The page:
“We can do a lot of stuff. We got a pretty good connection. A lot of it’s because we meet outside of football, we always hang out, just building our relationship up so we can have good chemistry on the field,” Singer said.

The highlight of the duo’s production was a 40-yard deep ball, which looked effortless coming out of Rising’s hands. There was another 25-yard reception during the game, and a few short completions.

Singer ran crisp routes, had good hands and showed what he can bring to the team’s receiver room.

“We kind of ran a similar offense when I was at Arizona in ‘22, so it’s just different terminology, but it just helped me just get out there and play fast,” Singer said.

Isaac Wilson’s “big step forward”

The backup quarterback battle between Brandon Rose and Isaac Wilson will extend into fall camp, and it was on display during Saturday’s game.

Rising played longer than anticipated, but after those three series, all eyes were on Rose and Wilson.

Rose started the game on the White team opposite Rising’s Red team, going 1-for-3 passing with two three-and-outs on his two series (The White team had a first down on the second series after Micah Bernard’s run, but it was called back due to holding).

After those two series on the White team, Rose switched to the Red team after Rising’s exit and found more success, completing 8 of 11 for 70 yards, including an 18-yard pass to Cameron Mitchell.

Wilson, who suited up for the White team after Rose was traded to the Red team, came in and made an impact. It took a minute, as his first series of the game was a three-and-out — his first throw of the game was a catchable ball that was dropped by Taeshaun Lyons — but he cashed in on his second drive.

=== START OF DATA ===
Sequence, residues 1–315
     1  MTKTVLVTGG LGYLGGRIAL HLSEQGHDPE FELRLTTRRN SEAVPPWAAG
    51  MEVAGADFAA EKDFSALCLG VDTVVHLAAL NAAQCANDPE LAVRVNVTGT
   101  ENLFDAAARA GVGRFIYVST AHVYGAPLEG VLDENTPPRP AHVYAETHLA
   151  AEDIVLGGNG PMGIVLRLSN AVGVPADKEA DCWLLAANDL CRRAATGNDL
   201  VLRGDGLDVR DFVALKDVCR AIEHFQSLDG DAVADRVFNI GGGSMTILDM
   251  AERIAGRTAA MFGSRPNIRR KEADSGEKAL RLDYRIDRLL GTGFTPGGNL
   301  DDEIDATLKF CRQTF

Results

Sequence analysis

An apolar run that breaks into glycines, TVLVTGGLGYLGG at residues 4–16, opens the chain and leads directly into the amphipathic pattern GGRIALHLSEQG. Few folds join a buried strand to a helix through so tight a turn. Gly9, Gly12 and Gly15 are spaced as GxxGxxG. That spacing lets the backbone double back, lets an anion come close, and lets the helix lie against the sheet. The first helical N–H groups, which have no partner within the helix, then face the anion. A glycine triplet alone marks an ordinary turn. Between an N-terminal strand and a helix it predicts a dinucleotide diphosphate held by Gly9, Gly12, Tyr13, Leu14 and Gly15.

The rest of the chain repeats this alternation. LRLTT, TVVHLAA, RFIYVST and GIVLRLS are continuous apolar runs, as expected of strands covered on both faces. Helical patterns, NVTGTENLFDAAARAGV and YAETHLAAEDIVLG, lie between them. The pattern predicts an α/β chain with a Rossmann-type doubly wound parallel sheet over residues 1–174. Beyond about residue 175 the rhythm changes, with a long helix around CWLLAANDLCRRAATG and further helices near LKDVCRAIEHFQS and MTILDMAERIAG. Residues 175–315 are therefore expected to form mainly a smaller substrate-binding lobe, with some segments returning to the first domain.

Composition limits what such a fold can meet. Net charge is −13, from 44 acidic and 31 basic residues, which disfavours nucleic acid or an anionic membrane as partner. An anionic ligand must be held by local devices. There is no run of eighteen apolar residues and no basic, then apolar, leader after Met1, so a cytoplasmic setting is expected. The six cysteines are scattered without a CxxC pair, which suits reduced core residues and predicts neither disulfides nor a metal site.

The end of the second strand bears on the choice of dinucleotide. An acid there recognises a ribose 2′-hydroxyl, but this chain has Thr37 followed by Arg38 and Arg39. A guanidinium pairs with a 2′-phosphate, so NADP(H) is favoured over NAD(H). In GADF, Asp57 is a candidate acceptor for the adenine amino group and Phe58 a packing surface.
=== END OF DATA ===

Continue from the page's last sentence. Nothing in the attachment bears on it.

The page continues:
Running backs Mike Mitchell and Dijon Stanley helped the Utes down the field, then Wilson threw a deep shot to a wide-open Luca Caldarella for a 39-yard score.

Wilson had a number of flat-out great throws in his first spring game, including a completion up the seam to Landen King for a score.

“It was an amazing feeling. I saw right down the middle, I threw it. (Landen) dove, he caught it. He did an outstanding job pulling the safety. Just having that first one, many more to come,” Wilson said.

Wilson had another 26-yard pass to King up the middle and a dart to Jett Meine, who made a great catch. In all, Wilson finished the afternoon 8 for 12 for 165 yards and two touchdowns.

The performance by the former Corner Canyon star was impressive for someone who was just playing high school football about five months ago.

“Isaac was really good today,” Whittingham said. “He’s a talented kid. Handled the stage, I guess you could say, very well. He and Brandon will continue to battle into fall camp, but Isaac certainly took a big step forward today.”

Other observations from Utah’s spring game

  • Whittingham said cornerback Cameron Calhoun, linebacker Moroni Anae and defensive tackle Aliki Vimahi stood out on defense. Calhoun, a Michigan transfer, led all players with six tackles and had a tackle for loss and a pass breakup. Anae had a pick-six off a Luke Bottari pass and had an additional pass breakup, while Vimahi had a “sack” of Bottari.
  • Tight end Brant Kuithe made his spring game return. Kuithe was wearing a yellow jersey and was not able to be tackled, but he looked fluid running routes and had two receptions from Rising — a 14-yard catch on fourth-and-3 and an 11-yard catch.
  • The run game was not a big factor Saturday, with Utah opting to go pass-heavy. The Utes passed it 58 times and ran it just 27 times. Micah Bernard was stuffed on both of his two rushing attempts, Mike Mitchell had five carries for 16 yards and a score, Dijon Stanley had the best run of the day, bouncing it to the outside for a 10-yard gain, Jaylon Glover had five carries for 20 yards and a score and Charlie Vincent had a touchdown run.